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© 1993 by Peter Gena Author’s note: This lecture/conversation consists of words taken from articles that I have written over the years on John Cage and the New York School, and recorded voice from various interviews that I conducted with John Cage and Morton Feldman. The actual order of the quotes chosen for this Hyperlecture was selected by the I CHING from material set up as data on individual Hypercard card-images.
On the evening of Thursday, July 29, 1971, John Cage visited KPFA to talk about his current activities and interests and also to read the first and fifth sections from his “Diary: How to improve the world (You will only make matters worse)”. He also reads a high school oratory which garnered a permanent trophy for Los Angeles High School where he was valedictorian of the class of 1928. Present in the room during the discussion are also Charles Amirkhanian, Richard Friedman, Charles Shere and Gerard Van der Leun and Allen Ginsberg. Gordon Mumma joins the discussion to talk about the latest activities of the Merce Cunningham Dance Company with which he and Cage are associated. <p style="text-align:right;color:#A8A8A8"></p>
This program contains the lecture given by John Cage on October 7, 1969, at the University of California Davis during the first meeting of his class on “Music in Dialogue”. In typical Cagian style the rather informal presentation covers such subjects as Buckminster Fuller, Zen Buddhism, philosophy, and the role of art and technology in modern society. The obvious delight of the students at having the opportunity to be taught by such a revolutionary composer is quite evident in their laughter and questions.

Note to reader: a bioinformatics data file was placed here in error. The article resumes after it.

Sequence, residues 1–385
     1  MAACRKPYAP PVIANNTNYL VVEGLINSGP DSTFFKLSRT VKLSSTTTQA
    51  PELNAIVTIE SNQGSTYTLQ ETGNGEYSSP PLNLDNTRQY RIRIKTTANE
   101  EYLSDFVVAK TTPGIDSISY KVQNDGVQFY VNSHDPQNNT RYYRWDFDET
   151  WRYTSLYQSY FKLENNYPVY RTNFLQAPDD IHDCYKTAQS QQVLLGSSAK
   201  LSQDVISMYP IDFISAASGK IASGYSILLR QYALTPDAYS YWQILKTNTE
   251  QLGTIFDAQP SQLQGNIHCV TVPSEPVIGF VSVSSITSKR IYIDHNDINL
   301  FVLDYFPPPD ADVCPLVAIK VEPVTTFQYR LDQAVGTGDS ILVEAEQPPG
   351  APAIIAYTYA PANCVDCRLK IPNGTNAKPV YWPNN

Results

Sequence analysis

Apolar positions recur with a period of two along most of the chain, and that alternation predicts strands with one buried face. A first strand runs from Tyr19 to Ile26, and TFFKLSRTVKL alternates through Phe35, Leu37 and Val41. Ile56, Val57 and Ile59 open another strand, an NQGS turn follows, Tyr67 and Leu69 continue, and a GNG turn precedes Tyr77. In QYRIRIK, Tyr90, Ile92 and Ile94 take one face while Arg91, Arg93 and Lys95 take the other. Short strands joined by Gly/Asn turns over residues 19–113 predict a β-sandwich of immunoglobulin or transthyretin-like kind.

Not to be confused with John Cale . John Cage John Milton Cage Jr.
Christian Wolff, Earle Brown, John Cage, and Morton Feldman, Capitol Records Studio, New York City, ca. 1962 This interactive, audio-visual display, written and narrated by Olivia Mattis, celebrates Eighth Street as an unique intersection of advanced music and visual art at different times in the Twentieth Century. The display – divided into two parts, The Whitney Years and The New York School – draws upon historic footage, archival photographs, original interviews, lecture recordings from the archives of the New York Studio School, documents, works of art and narration to present a compelling account of artistic collaboration and creative kinship. In the second decade of the Twentieth Century, Edgard Varèse, Carl Ruggles and their circle were patronized by Gertrude Vanderbilt Whitney and Juliana Force, who hosted the International Composers Guild at premises that went on to become the Whitney Museum of American Art.
I can't understand why people are frightened of new ideas. I'm frightened of the old ones. John Cage I have nothing to say, and I am saying it, and that is poetry. If you develop an ear for sounds that are musical it is like developing an ego. You begin to refuse sounds that are not musical and that way cut yourself off from a good deal of experience.